It is twenty years since the disaster that changed and shaped our World today. No-one is going to forget Tuesday 11th September 2001. It is one of those defining dates in history. My telephone rang. “Jane, quick! Put the radio on! Something is happening in New York. Two planes have crashed into the twin Trade Towers.”
It was exactly two o’clock as I switched on BBC Radio 4 to listen to the News. For one brief moment I thought, “Accident?” Then, as the commentator revealed the details, I knew, “Sabotage!” Thank God my younger son and his wife were not due to fly to NY until the following afternoon. Pete, my older son who lived in NY would be okay. As far as I knew he was working in New Jersey. Mind you, he’d be having difficulty commuting back to Manhattan.
The telephone rang again. “Look, Jane. There are five ‘planes hi-jacked. You really should see the pictures on TV.” I rushed around to my neighbour Georgina’s house and breathlessly blurted out that I needed to see her television – that there’d been a disaster in New York. For an hour we sat simultaneously enthralled and appalled as we watched the unravelling events. When the collapse of the South Tower was shown I started to shake so Georgina made me a cup of tea. Six months previously I had stood on the Ellis Island Ferry observing the skyscrapers, marvelling at perspective and thinking how tiny they looked. Just like a town of LEGO bricks. It was hard to appreciate that thousands of people were inside each tower. And now the towers had collapsed. Oh God! How long does it take to negotiate those endless flights of stairs? There can not been enough time for them to get out. Is that why the commentators have made no mention of casualties?
At this point I returned home to find my Answer-phone blinking. A message from USA. Yes, Peter was safe. That morning he’d actually been working in an office a couple of blocks from the Twin Towers. He was confined to the building because of all the debris and dust. I picked up the phone but was unable to get through to Manhattan, so I called my Mother in California. Where would I have been without her? At eighty-seven years old she was still there to calm me down. “Look, Janie,” she gently pointed out, “There are going to be more of this kind of terrorist attack in your lifetime – just be thankful that your family is safe.”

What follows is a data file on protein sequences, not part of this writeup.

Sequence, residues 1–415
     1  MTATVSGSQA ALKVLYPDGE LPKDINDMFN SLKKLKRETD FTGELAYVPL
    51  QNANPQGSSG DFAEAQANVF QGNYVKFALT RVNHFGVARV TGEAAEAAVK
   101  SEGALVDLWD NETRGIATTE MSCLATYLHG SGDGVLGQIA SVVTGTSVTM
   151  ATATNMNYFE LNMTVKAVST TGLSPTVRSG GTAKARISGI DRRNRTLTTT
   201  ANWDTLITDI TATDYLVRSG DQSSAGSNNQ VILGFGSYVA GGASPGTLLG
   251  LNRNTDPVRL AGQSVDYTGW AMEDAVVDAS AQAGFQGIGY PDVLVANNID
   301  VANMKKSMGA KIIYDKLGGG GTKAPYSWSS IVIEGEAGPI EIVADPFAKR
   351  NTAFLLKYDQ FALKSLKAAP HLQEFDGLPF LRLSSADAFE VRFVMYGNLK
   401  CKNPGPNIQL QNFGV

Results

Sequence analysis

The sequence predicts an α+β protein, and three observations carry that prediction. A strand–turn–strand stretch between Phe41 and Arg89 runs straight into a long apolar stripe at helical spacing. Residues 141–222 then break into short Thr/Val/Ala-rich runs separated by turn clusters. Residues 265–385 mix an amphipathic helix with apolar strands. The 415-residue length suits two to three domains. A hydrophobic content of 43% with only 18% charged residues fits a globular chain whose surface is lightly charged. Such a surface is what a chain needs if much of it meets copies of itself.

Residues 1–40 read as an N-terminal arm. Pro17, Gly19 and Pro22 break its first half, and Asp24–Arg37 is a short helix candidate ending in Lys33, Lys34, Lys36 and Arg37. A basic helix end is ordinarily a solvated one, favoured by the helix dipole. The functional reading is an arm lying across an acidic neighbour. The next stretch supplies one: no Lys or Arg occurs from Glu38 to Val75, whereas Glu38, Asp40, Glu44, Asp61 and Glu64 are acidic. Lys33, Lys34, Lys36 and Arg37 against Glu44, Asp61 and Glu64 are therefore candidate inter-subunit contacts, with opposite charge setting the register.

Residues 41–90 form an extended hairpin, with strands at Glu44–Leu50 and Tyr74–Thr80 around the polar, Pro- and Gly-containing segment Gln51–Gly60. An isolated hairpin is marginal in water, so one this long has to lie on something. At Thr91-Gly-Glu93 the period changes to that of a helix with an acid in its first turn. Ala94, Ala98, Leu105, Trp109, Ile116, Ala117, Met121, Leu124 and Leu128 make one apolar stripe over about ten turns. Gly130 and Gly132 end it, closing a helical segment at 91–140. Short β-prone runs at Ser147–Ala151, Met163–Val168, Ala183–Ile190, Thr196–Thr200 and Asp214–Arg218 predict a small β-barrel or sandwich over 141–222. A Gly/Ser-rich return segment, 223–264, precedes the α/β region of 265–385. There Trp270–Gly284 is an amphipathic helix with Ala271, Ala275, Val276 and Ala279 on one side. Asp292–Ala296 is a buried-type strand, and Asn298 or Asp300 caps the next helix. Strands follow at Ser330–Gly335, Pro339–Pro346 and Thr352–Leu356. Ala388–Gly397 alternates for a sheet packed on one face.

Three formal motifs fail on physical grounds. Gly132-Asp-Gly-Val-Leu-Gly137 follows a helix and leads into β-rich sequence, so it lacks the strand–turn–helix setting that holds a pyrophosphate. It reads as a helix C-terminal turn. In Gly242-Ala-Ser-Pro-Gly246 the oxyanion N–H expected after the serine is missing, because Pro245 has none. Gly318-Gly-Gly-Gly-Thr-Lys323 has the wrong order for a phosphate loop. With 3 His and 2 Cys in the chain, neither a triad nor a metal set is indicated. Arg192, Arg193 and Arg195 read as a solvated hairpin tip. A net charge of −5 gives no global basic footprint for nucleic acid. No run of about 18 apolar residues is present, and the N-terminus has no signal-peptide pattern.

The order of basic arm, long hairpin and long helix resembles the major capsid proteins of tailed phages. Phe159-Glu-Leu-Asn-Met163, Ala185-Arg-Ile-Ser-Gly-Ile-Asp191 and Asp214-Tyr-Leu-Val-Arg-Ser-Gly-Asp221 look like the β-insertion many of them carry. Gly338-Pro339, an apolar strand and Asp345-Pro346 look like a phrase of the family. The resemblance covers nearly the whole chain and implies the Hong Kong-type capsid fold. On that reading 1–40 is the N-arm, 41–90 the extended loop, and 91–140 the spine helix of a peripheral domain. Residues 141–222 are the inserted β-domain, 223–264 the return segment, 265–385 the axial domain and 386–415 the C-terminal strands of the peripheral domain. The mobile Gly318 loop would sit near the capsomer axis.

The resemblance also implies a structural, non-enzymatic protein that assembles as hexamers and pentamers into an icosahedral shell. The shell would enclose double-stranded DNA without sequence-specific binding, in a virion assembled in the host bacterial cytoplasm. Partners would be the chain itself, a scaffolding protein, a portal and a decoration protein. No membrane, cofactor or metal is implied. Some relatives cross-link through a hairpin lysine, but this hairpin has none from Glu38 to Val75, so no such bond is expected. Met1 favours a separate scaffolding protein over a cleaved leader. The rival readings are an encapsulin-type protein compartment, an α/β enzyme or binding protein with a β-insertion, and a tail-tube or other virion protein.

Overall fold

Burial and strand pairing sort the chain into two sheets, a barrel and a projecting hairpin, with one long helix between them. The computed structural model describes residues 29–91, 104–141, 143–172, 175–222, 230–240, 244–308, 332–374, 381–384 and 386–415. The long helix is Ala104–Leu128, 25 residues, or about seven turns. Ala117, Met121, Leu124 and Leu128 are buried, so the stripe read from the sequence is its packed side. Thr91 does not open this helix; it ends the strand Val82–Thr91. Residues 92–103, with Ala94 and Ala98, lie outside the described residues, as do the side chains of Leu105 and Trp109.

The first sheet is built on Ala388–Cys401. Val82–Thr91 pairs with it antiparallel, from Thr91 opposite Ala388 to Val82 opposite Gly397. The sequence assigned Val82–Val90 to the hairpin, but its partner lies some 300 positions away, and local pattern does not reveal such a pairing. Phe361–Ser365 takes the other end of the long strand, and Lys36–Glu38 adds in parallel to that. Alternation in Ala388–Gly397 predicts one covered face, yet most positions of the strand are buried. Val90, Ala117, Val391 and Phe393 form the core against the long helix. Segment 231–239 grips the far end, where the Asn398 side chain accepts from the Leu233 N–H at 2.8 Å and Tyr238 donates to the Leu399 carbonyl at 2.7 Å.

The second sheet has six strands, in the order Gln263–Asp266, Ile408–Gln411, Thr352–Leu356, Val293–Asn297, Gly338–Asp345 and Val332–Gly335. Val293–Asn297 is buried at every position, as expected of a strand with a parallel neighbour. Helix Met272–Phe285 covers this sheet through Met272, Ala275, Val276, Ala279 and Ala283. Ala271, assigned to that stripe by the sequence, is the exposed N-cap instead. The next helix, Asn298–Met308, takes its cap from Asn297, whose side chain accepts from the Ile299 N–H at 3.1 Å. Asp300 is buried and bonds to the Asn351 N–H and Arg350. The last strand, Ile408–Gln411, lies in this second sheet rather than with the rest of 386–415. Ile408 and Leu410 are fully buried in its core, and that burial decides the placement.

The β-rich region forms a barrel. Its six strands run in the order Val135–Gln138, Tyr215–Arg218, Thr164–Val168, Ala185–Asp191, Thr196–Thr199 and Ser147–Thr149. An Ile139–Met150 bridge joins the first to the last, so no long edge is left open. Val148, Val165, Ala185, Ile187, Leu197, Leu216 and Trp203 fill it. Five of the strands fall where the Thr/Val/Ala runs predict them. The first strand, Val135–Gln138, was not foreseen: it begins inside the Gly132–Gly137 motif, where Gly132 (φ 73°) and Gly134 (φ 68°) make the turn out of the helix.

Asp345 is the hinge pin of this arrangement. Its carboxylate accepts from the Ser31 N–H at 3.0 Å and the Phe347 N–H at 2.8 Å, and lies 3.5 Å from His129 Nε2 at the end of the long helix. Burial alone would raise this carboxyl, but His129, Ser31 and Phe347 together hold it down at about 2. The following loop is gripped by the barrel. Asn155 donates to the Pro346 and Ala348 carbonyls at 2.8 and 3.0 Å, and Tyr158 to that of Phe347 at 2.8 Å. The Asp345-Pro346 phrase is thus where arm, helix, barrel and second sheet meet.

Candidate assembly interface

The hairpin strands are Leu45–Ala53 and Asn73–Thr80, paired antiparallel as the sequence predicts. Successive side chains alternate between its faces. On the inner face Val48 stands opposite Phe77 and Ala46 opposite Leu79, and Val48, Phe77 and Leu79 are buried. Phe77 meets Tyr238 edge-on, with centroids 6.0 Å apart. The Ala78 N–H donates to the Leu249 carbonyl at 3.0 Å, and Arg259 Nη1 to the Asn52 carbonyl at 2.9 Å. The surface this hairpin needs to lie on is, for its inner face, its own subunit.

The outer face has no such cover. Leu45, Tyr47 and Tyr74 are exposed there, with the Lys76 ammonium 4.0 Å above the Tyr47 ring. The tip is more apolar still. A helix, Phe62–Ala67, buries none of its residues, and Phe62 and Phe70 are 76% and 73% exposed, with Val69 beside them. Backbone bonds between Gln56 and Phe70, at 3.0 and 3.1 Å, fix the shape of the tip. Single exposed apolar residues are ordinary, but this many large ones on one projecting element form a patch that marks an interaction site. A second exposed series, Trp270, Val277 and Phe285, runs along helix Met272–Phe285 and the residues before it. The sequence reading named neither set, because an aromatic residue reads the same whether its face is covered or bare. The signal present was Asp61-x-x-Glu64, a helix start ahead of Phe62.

As the dreadful chain of events unfolded and tales of horror vied with tales of heroism to fill the newspaper columns, I joined my younger son and his wife for a family weekend. They weren’t too disappointed about the sudden enforced cancellation of their NY trip. The event had made them both very aware of how much their little family meant to them and how they did not want to be separated. We all sympathized with and grieved for those whose lives had been irrevocably altered by the ‘plane crashes. We anxiously scanned the Media to try to ascertain exactly what retribution the US Government had in mind. At the same time our hearts went out to the thousands of Afghan refugees who were fleeing Kabul, terrified there’d be a US bombing campaign.
As I checked report after report my heart sank What began as a “Worldwide battle to outlaw terror” was teetering dangerously close to “US revenge”. The fight against terrorism can only be won by diplomacy. The leader of every Country has to agree on measures to prevent groups of fanatics perpetrating suicidal outrages against civilians.
I wrote the above twenty years ago, at a time when I was terrified that WW lll was about to break out. At a time when the skies were strangely silent, free from vapour trails. I wish that I could report that the World had moved on. That it was a better, safer place but sadly my late Mother was right. “there are going to be more of this kind of terrorist attacks . . .”